The citizens have spoken. With decisive mandates for continuity in four of the five states that went to the hustings and for sweeping change in favor of Sadak, Shiksha, and swasthya in the fifth, it would seem the age of the antyodaya, beyond slogans and shibboleths, may finally have arrived. Pundits, pollsters, and similar busybodies have been foxed by the free-pass that the BJP seems to have been handed out by the voters on the wide specter of agrarian distress and the very real livelihood crisis at the bottom of the demographic pyramid, made worse in the wake of the Covid-19 pandemic crisis.
The BJP’s handsome electoral gains can, at least in part, be credited to its claims of focus on the security of the average citizen, and more notably on making a frontal assault on crimes against girls and women.
Coupled with its focus on the physical security of citizens, what is largely billed to have won the day for the party is its targeted outreach to the poorest of the poor with a bouquet of new social security schemes including direct cash transfers, support for basic food security, housing, potable drinking water, and electricity.
Taken together, the strongly no welfare focus of the party assayed to fast-track progress on lifting vast chunks of the rural poor out of the morass of chronic deprivation of their most basic needs. Overall, the party seems to be firmly on the path of marrying its neo-liberal economic and investment philosophy with classical Leftist handouts-centric welfare spending to kick-start a virtuous cycle of consumption among the poorest sections.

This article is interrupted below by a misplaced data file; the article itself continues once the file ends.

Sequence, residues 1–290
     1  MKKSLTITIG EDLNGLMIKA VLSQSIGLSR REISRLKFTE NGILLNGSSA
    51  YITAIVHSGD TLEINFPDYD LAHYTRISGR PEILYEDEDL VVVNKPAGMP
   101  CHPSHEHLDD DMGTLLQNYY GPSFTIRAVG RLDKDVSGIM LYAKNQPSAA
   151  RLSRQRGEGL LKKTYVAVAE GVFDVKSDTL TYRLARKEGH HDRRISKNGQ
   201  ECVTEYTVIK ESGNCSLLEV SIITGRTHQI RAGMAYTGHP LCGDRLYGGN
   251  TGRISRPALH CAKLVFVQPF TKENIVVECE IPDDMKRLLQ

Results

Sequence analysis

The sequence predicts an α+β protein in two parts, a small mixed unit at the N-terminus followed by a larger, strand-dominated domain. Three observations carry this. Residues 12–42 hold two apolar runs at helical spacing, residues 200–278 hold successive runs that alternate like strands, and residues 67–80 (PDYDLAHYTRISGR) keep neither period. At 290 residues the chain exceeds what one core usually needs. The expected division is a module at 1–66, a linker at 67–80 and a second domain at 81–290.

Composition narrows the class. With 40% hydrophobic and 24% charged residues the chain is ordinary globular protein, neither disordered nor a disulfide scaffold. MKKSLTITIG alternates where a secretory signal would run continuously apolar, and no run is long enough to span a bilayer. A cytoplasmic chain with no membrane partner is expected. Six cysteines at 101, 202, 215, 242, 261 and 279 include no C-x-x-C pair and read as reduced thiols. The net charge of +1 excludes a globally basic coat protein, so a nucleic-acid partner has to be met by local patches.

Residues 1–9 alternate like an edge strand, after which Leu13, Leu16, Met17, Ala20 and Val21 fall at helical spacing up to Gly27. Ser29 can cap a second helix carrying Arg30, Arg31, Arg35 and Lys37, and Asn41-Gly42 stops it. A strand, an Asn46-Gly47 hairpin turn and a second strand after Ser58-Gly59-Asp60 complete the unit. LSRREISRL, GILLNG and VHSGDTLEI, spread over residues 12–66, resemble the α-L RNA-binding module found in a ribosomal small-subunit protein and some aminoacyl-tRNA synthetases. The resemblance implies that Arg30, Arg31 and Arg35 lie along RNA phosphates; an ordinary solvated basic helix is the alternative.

The party has, by now, firmed up its appeal among a growing cohort of the fence-sitters among the middle-class voters who see value in the BJP’s accent on cultural renaissance and its vision of Indians’ individual and collective identity based on a heady mix of religion and hyper-nationalism.
The winning recipe seemed more than a handful for its political challengers in Manipur, Goa, Uttarakhand, and Uttar Pradesh where new BJP governments would have taken an oath by the time this goes to print. Cutting across caste and religious divide, among the electorate who went out to vote in these elections, the BJP has managed to buttress a perception that the state has finally been able to touch the lives of those multiple millions that hitherto it was either simply unable or unwilling to reach.
So far, so good! With close to 38 percent population in the throes of poverty, Uttar Pradesh ranks as the third poorest state of India. The finding is based on NITI Aayog’s latest Multidimensional Poverty Index (MPI) report released only months ago. To be sure, the report pegs the exact percentage of the poor in the State at 37.79 percent.
Shrawasti is home to the highest number of poor in UP, at 74.38 percent. Aside from the mission to lift millions out of chronic poverty and a future of hopelessness, the percentage of population deprived of nutrition in UP is 44.5 percent according to the NITI Aayog report, ranking fourth in terms of maternal health with 35.45 percent, ranks second.
In India’s most populous state, real progress on income, education, and health attainments will determine the trajectory of not just human development but its medium-term growth and development. Time for Yogi 2.0 to roll up his sleeves and deploy the double-engine sarkar in investing all its time and resources where they are needed! Let UP lead the way on the SDGs.